The People’s Movement for the Liberation of Angola (MPLA) was formed in 1956 to throw off the colonial chains. The MPLA was a Marxist-Leninist political organization backed and armed by the Soviet Union. It waged a guerilla insurgency, fighting Portuguese troops, right up until the Carnation Revolution. When the fascist government of Portugal fell in 1975, colonial territories were granted independence. The MPLA took power as the elected government of a newly free Angola.
Immediately following independence, the apartheid government of South Africa invaded Angola. Over 65,000 Cuban soldiers were sent to support the MPLA in fighting off this and subsequent invasions by the apartheid regime. Cuba continued to maintain a military presence in Angola to support the MPLA.
At the time of independence, the United States government had already been arming and training a group of terrorists and extremists called the National Union for the Total Independence of Angola (UNITA) that conducted assassinations and other acts of violence against the MPLA. UNITA at first claimed to be Maoist Communists and had relations with China, but by the late 1970s they were Evangelical Christians and advocates of western capitalism. The United States was their primary supporter, and anti-communism was their rallying cry.
The leader of the CIA trained and armed UNITA terrorists was Jonas Savimbi. Savimbi murdered civilians, bombed schools and hospitals and committed horrendous atrocities. Savimbi was a practitioner of witchcraft and a literal cannibal, who ate the corpses of MPLA soldiers. The horrendous atrocities of Jonas Savimbi and his fighters have been well documented, but this did not stop the Reagan White House and other US administrations from embracing them as freedom fighters.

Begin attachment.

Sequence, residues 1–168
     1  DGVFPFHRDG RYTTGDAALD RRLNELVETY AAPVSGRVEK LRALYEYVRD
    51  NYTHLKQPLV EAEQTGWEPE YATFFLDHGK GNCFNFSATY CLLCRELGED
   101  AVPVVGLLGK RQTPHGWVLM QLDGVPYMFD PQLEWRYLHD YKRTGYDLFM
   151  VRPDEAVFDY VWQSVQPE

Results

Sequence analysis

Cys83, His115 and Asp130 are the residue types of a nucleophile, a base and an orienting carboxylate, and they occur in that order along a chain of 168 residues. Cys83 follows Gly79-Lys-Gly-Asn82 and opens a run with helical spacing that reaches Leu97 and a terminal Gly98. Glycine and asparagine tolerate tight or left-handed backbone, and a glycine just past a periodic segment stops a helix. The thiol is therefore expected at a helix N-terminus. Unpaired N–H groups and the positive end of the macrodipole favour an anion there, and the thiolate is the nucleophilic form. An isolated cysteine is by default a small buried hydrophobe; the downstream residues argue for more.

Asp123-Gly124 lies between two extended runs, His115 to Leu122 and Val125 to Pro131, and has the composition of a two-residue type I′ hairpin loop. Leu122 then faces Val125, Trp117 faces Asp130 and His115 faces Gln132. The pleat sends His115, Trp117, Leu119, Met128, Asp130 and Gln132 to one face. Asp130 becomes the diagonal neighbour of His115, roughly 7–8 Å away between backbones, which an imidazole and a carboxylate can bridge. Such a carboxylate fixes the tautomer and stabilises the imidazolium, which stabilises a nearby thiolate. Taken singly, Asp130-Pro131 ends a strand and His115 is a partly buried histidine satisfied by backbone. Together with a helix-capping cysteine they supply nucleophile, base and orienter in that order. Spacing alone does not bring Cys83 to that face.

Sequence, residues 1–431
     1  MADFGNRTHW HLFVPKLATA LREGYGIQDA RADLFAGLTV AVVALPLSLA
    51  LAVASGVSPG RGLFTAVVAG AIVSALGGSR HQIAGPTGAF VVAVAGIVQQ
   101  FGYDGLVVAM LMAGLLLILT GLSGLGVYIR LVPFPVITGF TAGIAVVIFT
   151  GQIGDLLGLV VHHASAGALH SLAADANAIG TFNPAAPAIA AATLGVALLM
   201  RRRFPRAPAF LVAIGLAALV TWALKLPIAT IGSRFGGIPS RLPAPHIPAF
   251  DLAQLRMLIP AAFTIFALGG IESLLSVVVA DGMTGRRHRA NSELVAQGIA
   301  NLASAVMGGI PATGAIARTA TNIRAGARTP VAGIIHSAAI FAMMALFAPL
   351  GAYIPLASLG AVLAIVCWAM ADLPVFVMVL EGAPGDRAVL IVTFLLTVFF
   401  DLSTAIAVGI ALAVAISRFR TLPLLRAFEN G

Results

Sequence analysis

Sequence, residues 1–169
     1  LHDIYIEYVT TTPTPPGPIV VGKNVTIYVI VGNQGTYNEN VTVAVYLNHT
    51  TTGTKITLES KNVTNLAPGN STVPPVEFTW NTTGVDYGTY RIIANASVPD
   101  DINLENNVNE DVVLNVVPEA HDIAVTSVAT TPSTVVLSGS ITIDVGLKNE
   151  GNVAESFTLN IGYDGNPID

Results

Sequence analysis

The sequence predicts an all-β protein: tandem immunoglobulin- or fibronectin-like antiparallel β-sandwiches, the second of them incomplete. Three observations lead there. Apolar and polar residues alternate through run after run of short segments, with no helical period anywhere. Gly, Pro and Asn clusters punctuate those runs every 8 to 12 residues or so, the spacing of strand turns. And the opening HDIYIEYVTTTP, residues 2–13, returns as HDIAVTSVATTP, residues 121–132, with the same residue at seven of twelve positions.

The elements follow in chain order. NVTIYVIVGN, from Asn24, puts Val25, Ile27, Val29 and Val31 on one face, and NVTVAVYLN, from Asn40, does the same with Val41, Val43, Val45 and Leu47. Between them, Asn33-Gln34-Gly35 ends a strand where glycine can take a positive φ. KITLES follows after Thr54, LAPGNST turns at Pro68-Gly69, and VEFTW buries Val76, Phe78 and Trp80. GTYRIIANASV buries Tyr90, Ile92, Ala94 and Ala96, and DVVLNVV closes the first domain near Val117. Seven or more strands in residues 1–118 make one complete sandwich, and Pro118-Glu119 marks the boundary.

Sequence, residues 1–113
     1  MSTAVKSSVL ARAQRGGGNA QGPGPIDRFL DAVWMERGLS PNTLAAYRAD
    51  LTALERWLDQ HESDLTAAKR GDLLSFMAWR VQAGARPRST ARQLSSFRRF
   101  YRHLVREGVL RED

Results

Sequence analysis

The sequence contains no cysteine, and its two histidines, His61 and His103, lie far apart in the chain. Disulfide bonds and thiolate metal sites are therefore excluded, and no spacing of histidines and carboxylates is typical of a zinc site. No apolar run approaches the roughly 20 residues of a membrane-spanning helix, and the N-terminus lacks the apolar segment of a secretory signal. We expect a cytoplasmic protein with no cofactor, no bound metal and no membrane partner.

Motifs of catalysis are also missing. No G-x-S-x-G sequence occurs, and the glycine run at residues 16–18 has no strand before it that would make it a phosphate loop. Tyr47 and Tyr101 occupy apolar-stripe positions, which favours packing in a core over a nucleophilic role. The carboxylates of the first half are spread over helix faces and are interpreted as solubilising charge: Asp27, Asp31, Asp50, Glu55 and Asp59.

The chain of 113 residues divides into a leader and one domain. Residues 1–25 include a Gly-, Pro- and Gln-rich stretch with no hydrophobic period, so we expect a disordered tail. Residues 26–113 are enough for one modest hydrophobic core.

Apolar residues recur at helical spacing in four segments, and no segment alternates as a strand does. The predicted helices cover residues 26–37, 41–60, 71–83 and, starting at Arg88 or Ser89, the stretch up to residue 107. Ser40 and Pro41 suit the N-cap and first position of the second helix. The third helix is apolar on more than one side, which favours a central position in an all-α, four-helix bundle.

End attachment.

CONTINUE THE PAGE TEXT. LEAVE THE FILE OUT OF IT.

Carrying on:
The goal of the MPLA was to peacefully develop Angola into a prosperous socialist country. This was not possible in a state of total civil war, as US-backed terrorists ravaged the country for 27 years. Even when peace was finally declared in 2002, the United Nations noted that Angola was littered with landmines, and most of its bridges and essential infrastructure had been destroyed.
“Angola Starts Now!”
In 2002, with peace declared, the MPLA declared “Angola Starts Now!” and began working to eradicate poverty and economically develop the country. Their efforts were aided significantly by the highest oil prices in world history. The GDP increased at a staggeringly high average of 11.1% from 2001 to 2010. China worked with Angola to build new railways connecting previously isolated parts of the country. The capital city of Luanda became a prosperous business center. Millions of Angolans were lifted from poverty.
Who was key in making all of this happen? Isabel Dos Santos. Isabel is the daughter of the country’s first elected President Jose Eduardo Dos Santos. It is largely because of her efforts that Angola now has a state controlled mobile telecommunications corporation, Unitel. She also helped to set up Banco de Fomento Angola and Banco BIC, two private banks based in Angola. These are banks subsidized with state oil profits, that have provided loans allowing the domestic economy of Angola to flourish. Isabel Dos Santos has traveled around the world working to bring foreign investment into her homeland.
In 2016 Isabel Dos Santos moved out of the private sector and was named as the director of Sonangol, the state-run oil company that remains at the center of the Angolan economy. Much like Putin did in Russia with Gazprom and Rosneft, Sonagol is a “national champion.” It is a state-controlled energy corporation utilized to create economic growth and stabilize the market. It was with Sonangol’s proceeds that the mining and agricultural sectors were stimulated.